6 Ways to Become a Morning Person, According to Science

Not a morning person? Research suggests these simple tweaks can help you start the day feeling more alert, mindful and energized.

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How to become a morning person
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Not Everyone is Born a Morning Person

If you wake up each morning in a groggy haze, you can blame your body clock: “Circadian rhythms are longer than a 24-hour day, so our sleep clock pushes us later,” says Rebecca Scott of NYU Langone’s Comprehensive Epilepsy Center—Sleep Center.

This means shut-eye acts like a dimmer switch rather than an on/off switch. It takes time to ease into sleep at night and time to feel fully alert in the morning, which is why, says Scott, you feel like you need 10 to 20 minutes to fully wake up.

These simple tweaks to your routine can get your body back on track faster, so you face the day mindful and energized.

Feeling groggy throughout the day? Check out these 6 Natural Remedies for Fatigue!

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Want to be a morning person? Don't hit the snooze button
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1. When Your Alarm Rings, Don’t Hit Snooze

Just those few minutes of extra slumber can trick your body into thinking it doesn’t need to wake up after all. When you do hear a second alarm, you may find yourself experiencing what scientists call sleep inertia (the rest of us call it grogginess), which can be characterized by decreased cognitive and motor skills.

Bonus: 25 Things You Need to Know About Sleep

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Stretch before getting out of bed
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2. Stretch Before You Get Out of Bed

Morning movement helps you improve your coordination and sharpen your mind. “Any full-body stretch will help,” says Scott. Focus on breathing, and use this moment of calm to set your most important goals for the day.

Try these stretching techniques:

Seated side bend: Cross your legs, hands at your sides on the bed. Arc your left arm up and bend right, softening your right elbow so your forearm now rests on the bed. Take a few deep breaths, then do the same on the other side.

Seated forward bend: Sit cross-legged on the bed and walk your hands forward, stretching your torso as far as feels comfortable.

Check this out: It turns out There’s A Scientific Reason You Always Sleep Under Blankets—Even When It’s Hot!

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Open the curtains when you wake up
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3. Open the Curtains As Soon As You Get Up

Early exposure to sunlight helps you regulate your circadian clock and feel more awake. It also has a surprising bonus effect, according to a 2014 study from Northwestern University. People whose daily light exposure took place in the morning tended to have a lower body mass index than those who were exposed to light later.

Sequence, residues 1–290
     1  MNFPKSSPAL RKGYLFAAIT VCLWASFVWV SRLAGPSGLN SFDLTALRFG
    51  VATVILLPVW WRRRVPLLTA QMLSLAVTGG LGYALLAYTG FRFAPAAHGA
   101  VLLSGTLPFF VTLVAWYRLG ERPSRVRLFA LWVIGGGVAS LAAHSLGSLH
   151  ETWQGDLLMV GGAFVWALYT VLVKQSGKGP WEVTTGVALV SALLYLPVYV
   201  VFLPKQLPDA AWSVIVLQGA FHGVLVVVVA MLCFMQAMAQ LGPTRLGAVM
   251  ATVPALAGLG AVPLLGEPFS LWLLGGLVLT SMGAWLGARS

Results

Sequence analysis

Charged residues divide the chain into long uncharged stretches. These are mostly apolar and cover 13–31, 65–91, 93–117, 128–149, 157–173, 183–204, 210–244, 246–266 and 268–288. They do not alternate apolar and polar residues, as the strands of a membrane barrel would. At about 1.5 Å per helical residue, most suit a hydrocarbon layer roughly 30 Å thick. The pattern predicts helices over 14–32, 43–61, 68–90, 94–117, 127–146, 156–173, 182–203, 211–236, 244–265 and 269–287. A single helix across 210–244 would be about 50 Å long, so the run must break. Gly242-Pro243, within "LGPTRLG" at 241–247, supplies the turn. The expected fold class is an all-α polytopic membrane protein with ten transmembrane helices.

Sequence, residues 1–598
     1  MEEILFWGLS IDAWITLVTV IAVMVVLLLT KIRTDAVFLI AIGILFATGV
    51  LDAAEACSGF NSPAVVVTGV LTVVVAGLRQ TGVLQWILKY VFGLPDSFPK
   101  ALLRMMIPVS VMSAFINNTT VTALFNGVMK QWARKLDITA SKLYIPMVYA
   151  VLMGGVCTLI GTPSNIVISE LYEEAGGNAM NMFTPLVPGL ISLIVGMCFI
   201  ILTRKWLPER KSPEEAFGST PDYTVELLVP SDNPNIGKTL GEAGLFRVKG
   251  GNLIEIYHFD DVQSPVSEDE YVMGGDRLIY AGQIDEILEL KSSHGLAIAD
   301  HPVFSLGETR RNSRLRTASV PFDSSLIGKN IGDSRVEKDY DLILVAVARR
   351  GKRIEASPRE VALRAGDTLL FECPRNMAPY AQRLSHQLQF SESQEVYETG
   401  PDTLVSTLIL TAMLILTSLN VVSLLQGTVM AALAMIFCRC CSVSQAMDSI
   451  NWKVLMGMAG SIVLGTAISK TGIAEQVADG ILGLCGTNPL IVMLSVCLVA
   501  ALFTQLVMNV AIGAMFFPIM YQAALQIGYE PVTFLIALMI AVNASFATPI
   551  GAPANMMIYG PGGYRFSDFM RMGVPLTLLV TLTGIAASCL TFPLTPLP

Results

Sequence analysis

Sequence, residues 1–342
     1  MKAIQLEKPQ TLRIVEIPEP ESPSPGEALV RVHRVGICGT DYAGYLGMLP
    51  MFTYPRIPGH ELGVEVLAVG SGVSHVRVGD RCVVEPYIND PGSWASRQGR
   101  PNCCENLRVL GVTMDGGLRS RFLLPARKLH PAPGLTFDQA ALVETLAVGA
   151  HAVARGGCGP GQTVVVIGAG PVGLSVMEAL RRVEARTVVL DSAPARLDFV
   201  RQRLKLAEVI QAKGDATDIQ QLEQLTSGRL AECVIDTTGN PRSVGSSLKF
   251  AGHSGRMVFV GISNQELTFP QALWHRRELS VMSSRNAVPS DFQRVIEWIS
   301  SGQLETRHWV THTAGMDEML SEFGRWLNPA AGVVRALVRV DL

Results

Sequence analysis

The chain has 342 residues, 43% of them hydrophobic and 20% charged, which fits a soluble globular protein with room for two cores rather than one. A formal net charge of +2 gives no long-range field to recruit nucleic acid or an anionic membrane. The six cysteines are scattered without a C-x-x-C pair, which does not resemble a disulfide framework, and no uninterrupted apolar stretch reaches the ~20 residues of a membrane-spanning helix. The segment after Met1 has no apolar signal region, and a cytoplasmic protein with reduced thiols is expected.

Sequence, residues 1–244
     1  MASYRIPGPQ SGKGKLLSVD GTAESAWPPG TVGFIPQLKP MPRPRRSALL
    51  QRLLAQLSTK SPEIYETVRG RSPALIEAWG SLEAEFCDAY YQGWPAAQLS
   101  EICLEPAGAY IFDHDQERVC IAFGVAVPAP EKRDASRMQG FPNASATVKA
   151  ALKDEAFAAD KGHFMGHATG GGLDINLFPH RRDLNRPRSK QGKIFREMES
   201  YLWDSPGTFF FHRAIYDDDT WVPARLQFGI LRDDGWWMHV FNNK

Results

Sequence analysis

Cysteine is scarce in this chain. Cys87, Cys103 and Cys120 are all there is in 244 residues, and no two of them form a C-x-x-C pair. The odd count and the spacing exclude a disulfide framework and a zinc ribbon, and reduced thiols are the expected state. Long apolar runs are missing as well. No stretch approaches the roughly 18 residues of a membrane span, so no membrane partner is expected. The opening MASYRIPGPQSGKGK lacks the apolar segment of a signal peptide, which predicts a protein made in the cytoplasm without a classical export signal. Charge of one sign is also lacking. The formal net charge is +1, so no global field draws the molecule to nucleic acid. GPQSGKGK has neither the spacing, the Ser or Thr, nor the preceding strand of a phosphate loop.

Think you should be aiming for eight hours of sleep a night? Here’s How Much Sleep You Really Need, According to Science!

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Head outside for a walk before breakfast
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4. Head Outside for a Walk Before Eating Breakfast

If hunger pangs are knocking, your body is asking for fuel. Skip to the breakfast section below, or at least grab a pre-walk banana. Moving around in outdoor light early in the day has been shown to reset your internal clock. By encouraging your body to use stored fat, not breakfast’s carbohydrates, for energy, pre-meal exercise also trims your waistline. “Any cardiovascular exercise is good, even for a short period,” says Scott.

Check out these 13 Easy Ways to Boost Your Energy!

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Brush your teeth like a morning person
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5. Boost Your Stamina While Brushing Your Teeth

Practise an easy but effective core exercise as you brush. Balance on one foot. When you change mouth quadrants (about every 30 seconds), switch feet.

Here are 13 Secrets to Better Sleep Doctors Want You to Know!

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Eat breakfast like a morning person
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6. When You Finally Eat Breakfast, Pick Nutrients That Last

The right mix of nutrients at breakfast kick-starts your metabolism, helps build muscle, strengthens your bones and gives you more energy.

Amy Gorin, a New Jersey–based registered dietitian, recommends packing your morning meal with 20 to 25 grams of protein to ensure you’ll feel full and satisfied until lunch. You could make a parfait by topping plain Greek yogourt with a half cup of pomegranate arils, two tablespoons of pistachios and two teaspoons of chia seeds for added protein and fibre. Or scramble two eggs, which provide easily absorbed, high-quality protein.

Then add a side of vitamin C, an anti­oxidant that leads to a stronger immune system. Toss pineapple chunks (79 milligrams per cup) into your yogourt to help meet your daily requirement of 75 to 90 milligrams. If you choose eggs instead of yogourt, add in tomato or broccoli.

For more invigorating breakfast ideas, check out 8 Energy-Boosting Foods That Will Definitely Wake You Up!

Reader's Digest Canada
Originally Published in Reader's Digest Canada

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